16:10 GMT +315 August 2018
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    Muslims pray in the street outside the Mosque in Paris

    France's 'Churches to Mosques' Plan Incites Fear of Further Radicalization

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    The public outcry against the unchecked growth of France's Muslim population has prompted the country's leadership to attempt to "demonstrate to the world that France and Islam are fully compatible"; Muslim leaders, in their turn, have suggested that turning empty or abandoned Catholic churches into mosques could be the best example.

    The French government has recognized the needs of opening a dialogue with the country’s Muslim community leaders in the wake of the Paris terror attacks, which were perpetrated by homegrown Muslim extremists.

    The number of attacks on Muslims has soared in France; Islamic groups have recorded a six-fold increase since the January Charlie Hebdo terrorist act, which claimed the lives of 17 people.

    The most recent public outrage was caused by a Muslim-owned grocery store in Bordeaux, the wine capital of south-western France, which introduced male and female-only shopping days for customers in an attempt to respect Muslim demands that unrelated men and women not cross paths.

    The move was firmly condemned by Bordeaux's mayor, Alain Juppé, as “behavior that is totally contradictory to the French Republic's rules on equality and [gender] mixing."

    Earlier in June, French Prime Minister Manuel Valls  spoke to more than 120 Muslim leaders of federations, rectors of mosques, imams, chaplains, theologians, Islamic scholars and personalities from civil society at the French Interior Ministry in an attempt to improve ties with France's large Muslim community.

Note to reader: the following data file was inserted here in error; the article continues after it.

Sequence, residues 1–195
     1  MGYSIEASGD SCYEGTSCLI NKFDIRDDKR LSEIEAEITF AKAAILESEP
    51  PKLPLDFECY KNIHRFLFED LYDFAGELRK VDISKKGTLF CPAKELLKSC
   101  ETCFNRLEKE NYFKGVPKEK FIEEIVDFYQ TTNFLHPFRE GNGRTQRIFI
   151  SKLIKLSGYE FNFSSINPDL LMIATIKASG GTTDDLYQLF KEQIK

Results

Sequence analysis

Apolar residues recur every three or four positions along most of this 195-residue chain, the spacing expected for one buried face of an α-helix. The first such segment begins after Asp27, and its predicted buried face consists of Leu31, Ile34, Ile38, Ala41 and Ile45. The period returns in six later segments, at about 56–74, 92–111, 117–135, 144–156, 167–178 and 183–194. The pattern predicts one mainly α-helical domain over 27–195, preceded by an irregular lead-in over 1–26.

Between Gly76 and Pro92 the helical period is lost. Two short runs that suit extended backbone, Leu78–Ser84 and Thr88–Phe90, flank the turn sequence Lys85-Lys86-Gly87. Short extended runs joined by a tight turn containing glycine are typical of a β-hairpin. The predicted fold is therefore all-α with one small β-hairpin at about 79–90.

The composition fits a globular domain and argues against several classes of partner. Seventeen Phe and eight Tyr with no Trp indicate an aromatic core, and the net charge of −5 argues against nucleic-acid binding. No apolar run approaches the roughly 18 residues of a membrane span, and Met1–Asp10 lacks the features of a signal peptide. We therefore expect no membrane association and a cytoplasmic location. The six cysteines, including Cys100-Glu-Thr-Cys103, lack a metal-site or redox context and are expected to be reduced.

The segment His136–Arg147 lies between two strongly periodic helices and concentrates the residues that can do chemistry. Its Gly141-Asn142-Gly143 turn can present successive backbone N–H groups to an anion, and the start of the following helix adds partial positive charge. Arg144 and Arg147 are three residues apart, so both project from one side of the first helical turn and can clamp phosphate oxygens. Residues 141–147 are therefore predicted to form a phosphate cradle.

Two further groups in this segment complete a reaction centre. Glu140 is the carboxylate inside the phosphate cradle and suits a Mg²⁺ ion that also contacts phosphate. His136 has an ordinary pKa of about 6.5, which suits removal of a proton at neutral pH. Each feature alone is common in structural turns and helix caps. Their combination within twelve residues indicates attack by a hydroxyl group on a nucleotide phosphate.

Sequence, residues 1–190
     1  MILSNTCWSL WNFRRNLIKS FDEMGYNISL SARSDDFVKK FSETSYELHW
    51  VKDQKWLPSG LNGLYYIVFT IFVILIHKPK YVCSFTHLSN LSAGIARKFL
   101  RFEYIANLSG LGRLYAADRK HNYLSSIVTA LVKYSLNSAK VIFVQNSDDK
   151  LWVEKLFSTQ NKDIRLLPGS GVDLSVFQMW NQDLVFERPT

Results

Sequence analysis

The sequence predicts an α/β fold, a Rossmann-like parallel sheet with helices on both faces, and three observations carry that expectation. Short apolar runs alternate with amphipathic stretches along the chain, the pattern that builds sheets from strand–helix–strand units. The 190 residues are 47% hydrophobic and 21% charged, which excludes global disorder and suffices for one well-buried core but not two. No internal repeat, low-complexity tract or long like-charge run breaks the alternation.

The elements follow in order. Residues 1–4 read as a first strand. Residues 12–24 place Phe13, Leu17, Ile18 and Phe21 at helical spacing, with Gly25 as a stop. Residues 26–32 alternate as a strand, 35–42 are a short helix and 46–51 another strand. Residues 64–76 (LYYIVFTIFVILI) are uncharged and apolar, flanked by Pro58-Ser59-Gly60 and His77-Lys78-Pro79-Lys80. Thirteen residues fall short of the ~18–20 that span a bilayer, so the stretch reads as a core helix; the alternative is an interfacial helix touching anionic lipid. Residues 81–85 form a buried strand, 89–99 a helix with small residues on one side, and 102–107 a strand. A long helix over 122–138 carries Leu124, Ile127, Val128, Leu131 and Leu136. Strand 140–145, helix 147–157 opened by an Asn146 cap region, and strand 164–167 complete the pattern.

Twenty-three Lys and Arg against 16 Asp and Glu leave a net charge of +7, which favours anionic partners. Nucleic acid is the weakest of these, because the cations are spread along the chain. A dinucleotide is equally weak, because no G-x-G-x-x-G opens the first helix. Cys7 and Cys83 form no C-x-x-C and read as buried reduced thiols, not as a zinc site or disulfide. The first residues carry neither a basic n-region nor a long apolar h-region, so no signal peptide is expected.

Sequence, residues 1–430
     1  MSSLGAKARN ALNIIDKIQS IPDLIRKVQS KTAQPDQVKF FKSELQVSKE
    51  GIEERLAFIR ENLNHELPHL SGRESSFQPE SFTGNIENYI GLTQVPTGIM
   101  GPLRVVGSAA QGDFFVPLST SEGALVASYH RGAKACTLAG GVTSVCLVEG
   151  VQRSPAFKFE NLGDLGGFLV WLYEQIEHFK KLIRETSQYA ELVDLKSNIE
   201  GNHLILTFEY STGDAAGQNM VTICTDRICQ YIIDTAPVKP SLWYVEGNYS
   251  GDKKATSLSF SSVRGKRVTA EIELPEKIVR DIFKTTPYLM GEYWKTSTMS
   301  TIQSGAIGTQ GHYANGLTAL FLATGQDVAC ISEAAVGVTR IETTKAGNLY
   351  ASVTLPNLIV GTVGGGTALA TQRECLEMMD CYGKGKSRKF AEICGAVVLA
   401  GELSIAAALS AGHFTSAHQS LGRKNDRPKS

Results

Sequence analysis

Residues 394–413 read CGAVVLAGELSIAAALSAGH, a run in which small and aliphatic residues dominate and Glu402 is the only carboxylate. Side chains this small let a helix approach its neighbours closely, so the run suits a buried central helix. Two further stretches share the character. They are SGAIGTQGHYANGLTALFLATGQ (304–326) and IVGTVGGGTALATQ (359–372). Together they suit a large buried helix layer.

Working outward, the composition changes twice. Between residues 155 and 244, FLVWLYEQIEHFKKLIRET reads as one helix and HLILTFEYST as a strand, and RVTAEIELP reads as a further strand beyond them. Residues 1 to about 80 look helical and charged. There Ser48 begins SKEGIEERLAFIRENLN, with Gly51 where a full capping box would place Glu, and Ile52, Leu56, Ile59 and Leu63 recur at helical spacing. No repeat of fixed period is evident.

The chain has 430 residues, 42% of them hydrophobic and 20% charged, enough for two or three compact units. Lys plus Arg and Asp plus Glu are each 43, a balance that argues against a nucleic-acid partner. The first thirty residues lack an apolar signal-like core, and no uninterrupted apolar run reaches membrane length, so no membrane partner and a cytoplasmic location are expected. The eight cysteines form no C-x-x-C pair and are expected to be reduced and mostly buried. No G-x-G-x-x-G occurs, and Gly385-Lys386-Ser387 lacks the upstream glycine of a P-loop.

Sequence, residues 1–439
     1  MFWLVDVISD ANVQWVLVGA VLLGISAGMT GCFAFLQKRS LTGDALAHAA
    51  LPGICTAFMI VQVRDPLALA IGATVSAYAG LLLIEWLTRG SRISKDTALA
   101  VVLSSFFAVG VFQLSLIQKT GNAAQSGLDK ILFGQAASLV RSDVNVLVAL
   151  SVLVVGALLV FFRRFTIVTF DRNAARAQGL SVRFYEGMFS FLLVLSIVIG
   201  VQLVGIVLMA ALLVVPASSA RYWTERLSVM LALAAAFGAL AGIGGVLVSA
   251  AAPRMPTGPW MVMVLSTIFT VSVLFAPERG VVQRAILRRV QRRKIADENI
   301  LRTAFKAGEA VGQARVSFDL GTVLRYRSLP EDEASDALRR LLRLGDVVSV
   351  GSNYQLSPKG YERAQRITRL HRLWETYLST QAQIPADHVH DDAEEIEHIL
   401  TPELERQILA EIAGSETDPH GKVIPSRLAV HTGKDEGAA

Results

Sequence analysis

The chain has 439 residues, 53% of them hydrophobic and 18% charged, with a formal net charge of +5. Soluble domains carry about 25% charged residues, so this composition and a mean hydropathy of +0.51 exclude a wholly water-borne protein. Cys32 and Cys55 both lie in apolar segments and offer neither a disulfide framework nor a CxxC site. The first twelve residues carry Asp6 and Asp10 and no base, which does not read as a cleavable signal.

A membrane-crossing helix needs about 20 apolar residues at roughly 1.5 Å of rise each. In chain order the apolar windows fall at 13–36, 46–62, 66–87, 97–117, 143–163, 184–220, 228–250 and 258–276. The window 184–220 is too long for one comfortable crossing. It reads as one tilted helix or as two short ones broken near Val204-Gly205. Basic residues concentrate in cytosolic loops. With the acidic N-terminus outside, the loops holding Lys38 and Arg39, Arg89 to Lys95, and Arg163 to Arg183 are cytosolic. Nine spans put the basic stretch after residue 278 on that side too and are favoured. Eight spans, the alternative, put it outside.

The prime minister acknowledged that "Islam still provokes misunderstandings, preconceptions, and rejection by some" of the French, "conflations of which you [the Muslims] are the victims."

    "This necessary forum is an opportunity to express our discomfort with conflations," replied Dalil Boubakeur, the outgoing president of the French Council of the Muslim Faith (CFCM) and the rector of the Great Mosque of Paris.

    The key question on the agenda was the longstanding issue of the lack of places in France for Muslims to worship. In France there are currently 2,500 mosques. Another 300 are under construction, but Dalil Boubakeur insisted that the number falls far short of what is needed.

    With upwards of five million Muslims in France – the largest population in Europe – Boubakeur and other imams suggest that as many as 5,000 mosques are needed.

    Boubakeur therefore has suggested that turning empty or abandoned Catholic churches into mosques could be a solution.

    “It’s a delicate issue, but why not?” he told Europe 1 radio after the meeting.

    During the interview with French radio, he gave an example of the transition of a church into a mosque in Clermont-Ferrand, which was welcomed by the local religious community. The church had been abandoned for more than 30 years and the building was given to the Muslim community in 2012.